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Lev Navrozov, 88, literary translator and Soviet dissident

NEW YORK — Lev Navrozov, a literary translator in the Soviet Union who smuggled out his study of Lenin and Stalin’s campaigns of terror when he emigrated to the United States in 1972, died Jan. 22 in Brooklyn. He was 88.

His son, Andrei, said he had been suffering from Parkinson’s disease.

Mr. Navrozov’s contempt for Lenin, the leader of the Bolshevik Revolution, and Stalin, his brutal successor, arose out of intellectual loathing, not of a personal history of exile or repression.

In his book, “The Education of Lev Navrozov: A Life in the Enclosed World Once Called Russia” (1975), he described Lenin as a “barbarian” unworthy of his country’s deification.


“He had to enserf every soul psychologically,” he wrote. “He had to destroy inside every soul all the psychology of independence that had been accumulating throughout the history of Russia.”

The book, which was partly autobiographical, was praised by philosopher Sidney Hook and historian Robert K. Massie.

But in The New York Review of Books, Helen Muchnic, a scholar of Russian literature, wrote that Mr. Navrozov, “carried away by what is certainly justifiable disgust for the inequities, cruelties, and hypocrisies of a barbarous despotism,” had “allowed his hatreds to overflow the banks of rationality.”

Nonetheless, Saul Bellow, in his novel “More Die of Heartbreak” (1987), placed Mr. Navrozov among the dissident writers Alexander Solzhenitsyn, Vladimir Maximov, and Andrei Sinyavsky as “commanding figures, men of genius, some of them.”

A legal battle with former Prime Minister Golda Meir of Israel occurred over a short passage in the 628-page book. She demanded that its publisher, Harper’s Magazine Press, delete a passage suggesting that as Israel’s envoy to the Soviet Union she had given Stalin a list of Russian Jews who would fight for Israel.

All the Jews, Mr. Navrozov wrote, “disappeared” at the hands of Stalin’s “organs of state security.”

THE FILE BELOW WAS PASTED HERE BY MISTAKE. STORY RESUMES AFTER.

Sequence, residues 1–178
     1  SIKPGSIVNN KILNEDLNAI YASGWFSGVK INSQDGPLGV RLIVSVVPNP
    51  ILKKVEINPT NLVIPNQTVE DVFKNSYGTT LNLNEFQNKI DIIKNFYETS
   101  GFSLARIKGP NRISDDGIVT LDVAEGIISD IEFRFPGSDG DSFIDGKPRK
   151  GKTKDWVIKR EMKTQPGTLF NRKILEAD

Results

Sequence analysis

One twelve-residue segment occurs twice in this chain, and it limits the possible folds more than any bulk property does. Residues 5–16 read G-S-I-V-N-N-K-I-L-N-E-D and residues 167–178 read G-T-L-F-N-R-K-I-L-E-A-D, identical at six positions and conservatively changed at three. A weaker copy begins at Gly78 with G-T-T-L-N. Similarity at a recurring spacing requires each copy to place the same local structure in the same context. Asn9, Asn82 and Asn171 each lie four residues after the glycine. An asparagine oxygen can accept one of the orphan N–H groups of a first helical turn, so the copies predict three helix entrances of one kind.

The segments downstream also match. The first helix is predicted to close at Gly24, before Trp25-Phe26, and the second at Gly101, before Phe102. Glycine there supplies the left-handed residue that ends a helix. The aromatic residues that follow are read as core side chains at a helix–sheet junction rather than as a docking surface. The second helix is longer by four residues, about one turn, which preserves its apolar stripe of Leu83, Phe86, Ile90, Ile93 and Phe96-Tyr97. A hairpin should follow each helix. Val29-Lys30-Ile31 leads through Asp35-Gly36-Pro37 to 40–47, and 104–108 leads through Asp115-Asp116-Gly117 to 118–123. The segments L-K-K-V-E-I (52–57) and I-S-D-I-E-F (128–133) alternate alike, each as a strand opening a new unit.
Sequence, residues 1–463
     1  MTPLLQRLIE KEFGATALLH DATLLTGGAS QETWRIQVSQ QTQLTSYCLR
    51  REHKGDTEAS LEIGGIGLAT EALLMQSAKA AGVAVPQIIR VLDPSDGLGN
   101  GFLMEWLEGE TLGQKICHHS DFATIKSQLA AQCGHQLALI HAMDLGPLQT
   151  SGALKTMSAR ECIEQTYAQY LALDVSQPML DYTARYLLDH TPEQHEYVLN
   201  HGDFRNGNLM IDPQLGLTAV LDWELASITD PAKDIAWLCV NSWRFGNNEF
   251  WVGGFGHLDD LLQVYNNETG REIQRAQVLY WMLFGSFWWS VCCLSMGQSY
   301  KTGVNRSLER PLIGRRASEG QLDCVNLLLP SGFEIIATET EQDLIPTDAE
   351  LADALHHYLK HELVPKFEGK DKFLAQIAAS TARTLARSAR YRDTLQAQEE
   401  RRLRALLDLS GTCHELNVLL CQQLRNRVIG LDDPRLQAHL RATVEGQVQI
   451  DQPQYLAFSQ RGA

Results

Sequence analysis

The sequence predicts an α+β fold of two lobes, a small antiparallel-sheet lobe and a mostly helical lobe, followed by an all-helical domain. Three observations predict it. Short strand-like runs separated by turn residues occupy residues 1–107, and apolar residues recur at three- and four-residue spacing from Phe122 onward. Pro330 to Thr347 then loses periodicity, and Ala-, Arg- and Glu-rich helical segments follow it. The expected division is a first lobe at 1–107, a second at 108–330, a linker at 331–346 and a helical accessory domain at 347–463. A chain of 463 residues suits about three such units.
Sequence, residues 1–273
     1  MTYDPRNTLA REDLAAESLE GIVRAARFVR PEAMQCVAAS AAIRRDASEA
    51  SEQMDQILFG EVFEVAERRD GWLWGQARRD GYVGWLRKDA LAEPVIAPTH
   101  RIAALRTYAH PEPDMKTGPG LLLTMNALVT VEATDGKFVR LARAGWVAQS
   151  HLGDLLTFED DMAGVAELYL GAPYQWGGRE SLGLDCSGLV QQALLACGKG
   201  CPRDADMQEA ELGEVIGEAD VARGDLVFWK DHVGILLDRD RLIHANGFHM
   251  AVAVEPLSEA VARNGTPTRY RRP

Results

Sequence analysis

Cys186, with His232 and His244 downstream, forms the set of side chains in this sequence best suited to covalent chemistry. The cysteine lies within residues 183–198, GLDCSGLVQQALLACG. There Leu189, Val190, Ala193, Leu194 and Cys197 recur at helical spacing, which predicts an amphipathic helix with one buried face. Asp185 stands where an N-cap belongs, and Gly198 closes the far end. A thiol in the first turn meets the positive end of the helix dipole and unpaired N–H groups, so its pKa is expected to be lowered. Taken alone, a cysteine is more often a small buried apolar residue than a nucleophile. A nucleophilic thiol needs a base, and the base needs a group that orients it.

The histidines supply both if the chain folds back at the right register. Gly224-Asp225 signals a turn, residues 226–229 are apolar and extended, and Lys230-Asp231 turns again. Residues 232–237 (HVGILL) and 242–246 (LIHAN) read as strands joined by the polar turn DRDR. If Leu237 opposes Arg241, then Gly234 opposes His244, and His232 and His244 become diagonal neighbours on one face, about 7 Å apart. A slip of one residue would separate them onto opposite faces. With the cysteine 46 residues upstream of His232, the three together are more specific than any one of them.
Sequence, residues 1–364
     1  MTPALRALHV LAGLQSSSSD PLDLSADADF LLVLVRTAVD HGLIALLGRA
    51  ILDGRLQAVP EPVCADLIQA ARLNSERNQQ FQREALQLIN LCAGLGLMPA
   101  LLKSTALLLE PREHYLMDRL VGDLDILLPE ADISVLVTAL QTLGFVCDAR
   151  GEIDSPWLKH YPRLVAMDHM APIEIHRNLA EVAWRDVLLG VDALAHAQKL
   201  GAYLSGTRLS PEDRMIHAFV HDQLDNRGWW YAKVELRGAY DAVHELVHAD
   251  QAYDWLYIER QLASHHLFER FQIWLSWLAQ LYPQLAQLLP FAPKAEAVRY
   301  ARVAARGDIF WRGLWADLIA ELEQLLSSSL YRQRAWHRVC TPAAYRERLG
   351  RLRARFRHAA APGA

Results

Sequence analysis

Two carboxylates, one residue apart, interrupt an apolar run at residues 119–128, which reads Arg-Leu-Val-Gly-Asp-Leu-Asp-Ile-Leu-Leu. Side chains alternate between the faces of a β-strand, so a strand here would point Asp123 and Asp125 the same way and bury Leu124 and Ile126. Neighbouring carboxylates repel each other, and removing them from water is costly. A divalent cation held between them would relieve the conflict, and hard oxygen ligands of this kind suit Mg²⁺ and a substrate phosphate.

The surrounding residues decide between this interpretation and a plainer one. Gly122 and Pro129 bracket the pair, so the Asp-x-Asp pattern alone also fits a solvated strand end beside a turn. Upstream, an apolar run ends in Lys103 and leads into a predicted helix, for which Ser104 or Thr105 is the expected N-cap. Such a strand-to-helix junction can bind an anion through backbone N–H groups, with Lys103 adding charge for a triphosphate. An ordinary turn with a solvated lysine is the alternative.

A similar accusation by Mr. Navrozov in Commentary magazine led Meir to file a $3 million libel lawsuit against the publication. She dropped the suit when Commentary published a statement asserting that it believed her denial.

Mr. Navrozov, who had defended himself in the lawsuit, remained angry about the contretemps years later.

In 2002, he wrote on the conservative website Newsmax that her lawsuit had forced his publisher to “freeze my book instead of selling millions of copies of it.”

If she had continued with her lawsuit, he said, she would have been revealed as “an unscrupulous, wily politician who had destroyed the immigrants’ book and sued me for $3 million in order to conceal her blunder.”

Mr. Navrozov was born in Moscow on Nov. 26, 1928, the only child of Andrei Navrozov, a writer, and the former Dina Minz, a neuropathologist. He attended the Institute of Foreign Languages at Moscow State University and later translated into English works by Dostoyevsky, Chekhov, Alexander Herzen, and Mikhail Prishvin.

As a well-regarded translator, he lived comfortably with his wife, the former Muza Gerasimova, an English-language editor of scientific texts, and his son in a country house near that of Soviet diplomat Andrei Gromyko.

“Despite our seemingly tranquil life, away from Soviet realities, we became more and more despondent and dissatisfied with our senseless existence,” he wrote on WorldTribune.com in 2012. “Something desperate was brewing in our minds.”

After moving to an apartment in Moscow, Mr. Navrozov and his family left the Soviet Union in 1972 with help from the Hebrew Immigrant Aid Society and American real estate developer Daniel Rose. They settled in Riverdale, in the Bronx.


Mr. Navrozov was pugnacious and passionate.

In 1980, after accusing The New York Times of having become a “quasigovernment newspaper catering to practically all decision-makers in the country,” he took out an ad in the paper to announce the creation of a nonpartisan group with the aim of developing a daily “adversarial” competitor to The Times.

He scheduled a news conference at the Waldorf Astoria hotel to announce the formation of the group and promised to let Times representatives “grill him.” The group apparently never got far.

Mr. Navrozov wrote for Commentary about Soviet affairs for several years after his arrival in the United States; in later years, he wrote prolifically for Newsmax and WorldTribune.com.

His primary focus shifted from the threat posed by the Soviet Union to Western democracies to the one posed by China. He believed that liberal, socialist ideas harmed democracy.

More recently, he cautioned that the Affordable Care Act was reminiscent of Soviet-socialized medicine. “Obamacare will destroy the delicate fabric of existing free-market medical services,” he wrote in 2012 on Newsmax.

In addition to his son, he leaves a grandson. His wife died in 2015.

Andrei Navrozov said that his father’s politics did not evolve in the years since he came to the United States.

“What changed was his mode of presentation,” he said. “He wanted to be accessible and talk to wider audiences. It’s like he started to speak in a populist voice in his columns. He was speaking to the common man, but he didn’t know a common man.”